The Museum is located in the former Champion Brass Works, at Tower Lane, Warmley BS30 8XT, just off the A4174 Avon Ring Road (Cadbury Heath exit). Buses 19, 19a , 42 and 43 stop nearby.
Enjoy free parking, toilets, refreshments and a book and gift shop.
Kingswood Heritage Museum is open for the 2018 season on Tuesdays, Saturdays and Sundays until 27 November from 2.00pm until 5.00pm, and on Bank Holidays between 11.00am and 5.00pm.
The grotto and gardens are open at Bank Holiday weekends, but only on the Sunday and Monday (ie not the Saturday).
The Museum is closed December to March inclusive.
We are always pleased to entertain group visits from schools and local societies, and refreshments can be provided. Interested parties should make contact via email to or by telephone at 0117 960 5664.
The do-it-yourself groups at Kingswood Heritage Museum are looking to add to their numbers in 2018.
The four groups give volunteers an opportunity to work on their own projects, or to carry out jobs to benefit various charities, in a friendly and supportive environment.
The gatherings take place at the Museum as follows:
New members are welcomed to all these activities. People interested should contact the Museum for more information, telephone 0117 960 5664, or via email at - or simply walk in on the scheduled day!
A new exhibit this year at Kingswood Heritage Museum features a pictorial review of Hanham as it developed over the period since World War II.
With many photographs from local newspapers and libraries, and from Hanham Local History Society, the story of Hanham is set out, with sections on the High Street, the schools, the churches and chapels – and the floods (pictured)!
Once again the Museum is seeking our help in adding to the story, and welcomes hearing from people who lived and worked there.
We are invited to contribute by contacting the Museum by phone at 0117 960 5664, or via email at .
Kingswood Heritage Museum is pleased to announce its new season, starting in April.
Volunteers have been at work for weeks, enhancing last year's displays and creating new exhibits for 2018.
The Museum's First World War exhibition has undergone a major renovation to recognise the coming centenary of the Armistice. A new feature will be a Roll of Honour dedicated to the 685 men from the area who gave their lives in the conflict. The photograph shows the Warmley Home Guard detachment.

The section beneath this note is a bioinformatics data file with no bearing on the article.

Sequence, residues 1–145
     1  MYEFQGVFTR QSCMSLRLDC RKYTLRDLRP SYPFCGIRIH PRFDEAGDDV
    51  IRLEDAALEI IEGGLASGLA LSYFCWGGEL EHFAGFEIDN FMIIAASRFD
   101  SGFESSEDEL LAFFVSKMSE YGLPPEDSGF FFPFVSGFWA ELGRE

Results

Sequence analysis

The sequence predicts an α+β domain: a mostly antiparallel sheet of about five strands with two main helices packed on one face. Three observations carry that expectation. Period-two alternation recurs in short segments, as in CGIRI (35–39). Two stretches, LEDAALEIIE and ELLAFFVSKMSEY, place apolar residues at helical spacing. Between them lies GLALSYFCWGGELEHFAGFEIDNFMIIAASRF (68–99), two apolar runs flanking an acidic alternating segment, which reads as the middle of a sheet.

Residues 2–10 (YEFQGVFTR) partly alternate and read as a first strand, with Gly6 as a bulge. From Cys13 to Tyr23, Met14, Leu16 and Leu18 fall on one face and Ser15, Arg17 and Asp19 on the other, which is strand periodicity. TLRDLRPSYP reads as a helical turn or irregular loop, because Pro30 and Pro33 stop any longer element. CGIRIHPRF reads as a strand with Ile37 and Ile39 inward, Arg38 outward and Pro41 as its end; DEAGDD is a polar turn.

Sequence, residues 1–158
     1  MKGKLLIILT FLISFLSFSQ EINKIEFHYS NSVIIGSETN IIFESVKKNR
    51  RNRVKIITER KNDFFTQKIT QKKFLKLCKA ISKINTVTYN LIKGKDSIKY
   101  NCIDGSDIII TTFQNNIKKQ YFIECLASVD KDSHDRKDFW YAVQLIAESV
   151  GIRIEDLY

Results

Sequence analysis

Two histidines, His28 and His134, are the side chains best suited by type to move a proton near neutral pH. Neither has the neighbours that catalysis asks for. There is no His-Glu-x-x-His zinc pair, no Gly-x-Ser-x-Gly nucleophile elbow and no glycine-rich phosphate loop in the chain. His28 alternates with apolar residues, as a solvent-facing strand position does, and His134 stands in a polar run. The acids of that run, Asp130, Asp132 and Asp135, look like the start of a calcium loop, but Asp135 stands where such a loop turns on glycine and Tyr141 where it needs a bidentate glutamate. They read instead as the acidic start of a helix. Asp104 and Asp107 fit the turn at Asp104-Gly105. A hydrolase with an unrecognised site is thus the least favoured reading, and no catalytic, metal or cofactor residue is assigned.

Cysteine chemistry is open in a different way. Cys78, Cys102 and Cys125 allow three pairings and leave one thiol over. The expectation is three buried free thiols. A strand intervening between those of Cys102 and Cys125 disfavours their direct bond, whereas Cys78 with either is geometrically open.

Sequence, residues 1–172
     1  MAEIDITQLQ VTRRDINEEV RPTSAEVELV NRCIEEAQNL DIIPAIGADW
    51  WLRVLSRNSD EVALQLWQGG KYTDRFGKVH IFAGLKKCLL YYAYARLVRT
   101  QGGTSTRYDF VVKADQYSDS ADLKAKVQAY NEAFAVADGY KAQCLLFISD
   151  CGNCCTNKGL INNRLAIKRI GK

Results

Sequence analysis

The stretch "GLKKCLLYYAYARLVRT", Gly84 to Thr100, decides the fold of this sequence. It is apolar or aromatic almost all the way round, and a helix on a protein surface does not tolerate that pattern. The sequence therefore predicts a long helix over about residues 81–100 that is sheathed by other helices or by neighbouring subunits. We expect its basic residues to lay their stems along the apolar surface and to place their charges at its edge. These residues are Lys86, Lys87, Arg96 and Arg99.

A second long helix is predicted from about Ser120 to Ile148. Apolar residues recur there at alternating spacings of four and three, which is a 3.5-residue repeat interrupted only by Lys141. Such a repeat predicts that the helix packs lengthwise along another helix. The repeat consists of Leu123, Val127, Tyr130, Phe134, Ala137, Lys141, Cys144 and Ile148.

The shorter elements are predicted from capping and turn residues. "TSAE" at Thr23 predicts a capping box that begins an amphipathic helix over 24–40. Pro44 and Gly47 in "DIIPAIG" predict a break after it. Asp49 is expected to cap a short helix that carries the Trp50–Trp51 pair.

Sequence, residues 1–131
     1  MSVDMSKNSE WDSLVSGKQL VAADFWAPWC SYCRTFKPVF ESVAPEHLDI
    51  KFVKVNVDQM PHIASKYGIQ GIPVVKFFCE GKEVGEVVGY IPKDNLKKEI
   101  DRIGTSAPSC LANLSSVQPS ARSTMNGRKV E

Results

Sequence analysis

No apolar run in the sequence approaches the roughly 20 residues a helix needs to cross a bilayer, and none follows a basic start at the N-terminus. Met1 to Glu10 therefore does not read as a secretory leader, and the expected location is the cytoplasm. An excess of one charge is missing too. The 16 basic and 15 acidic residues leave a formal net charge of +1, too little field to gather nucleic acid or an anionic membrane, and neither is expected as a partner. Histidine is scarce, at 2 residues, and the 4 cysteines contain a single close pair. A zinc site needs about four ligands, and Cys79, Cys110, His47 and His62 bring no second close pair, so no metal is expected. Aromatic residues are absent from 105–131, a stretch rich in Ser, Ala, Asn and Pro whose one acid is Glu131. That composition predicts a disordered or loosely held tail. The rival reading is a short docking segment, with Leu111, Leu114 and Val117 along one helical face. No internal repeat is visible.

At the same time the World War II exhibition has been renewed, giving greater attention to the local involvement in the war effort. In this connection, the Museum continues to look for more local people's wartime stories.
Alan Bryant, Joint Museum Curator, said: “We are very much looking forward to the 2018 season, and as usual we are looking for contributions from local people to add to our knowledge. Anyone with a story to tell relating to either of the World Wars, or photos or artefacts for display, is asked to contact us at .”
An important new exhibit covers the story of the Beagle 2 and its flight to Mars in 2003. The spacecraft was the brainchild of Professor Colin Pillinger, at one time a pupil of Kingswood Grammar School (now King's Oak Academy). A replica of the Beagle will be on display.
You'll already be aware of the successful women's do-it-yourself group started by Kingswood Heritage Museum this year. Now the Museum is going a step further, by introducing a new group dedicated to needlework, crochet, embroidery and knitting.
The group meets Monday mornings 10am to 12 o'clock in the Museum. A small fee of £2 includes tea/coffee.
For more information contact Linda Payne on 0117 9605664 or , or the Museum using the contact details at the top of this page.
Everyone is welcome – and that includes beginners and any men who want to join!
Kingswood Heritage Museum has taken its first step toward joining the big league of museums, by obtaining accreditation from the Arts Council of Great Britain.
Accreditation means that we are classed as a properly run museum, with all the systems and procedures in place to conserve and maintain the artefacts in our custody.
It also means that we can seek appropriate artefacts on loan from other accredited museums and are eligible to apply for Heritage Lottery Fund grants.
This accolade has been gained only as the result of the work over the last two years of many Friends of the Museum and volunteers.
A regular feature of the Spring (end of May) Bank Holiday is the Douglas Motorbike Rally and Cavalcade, attracting Douglas motorcycle enthusiasts from all over the country.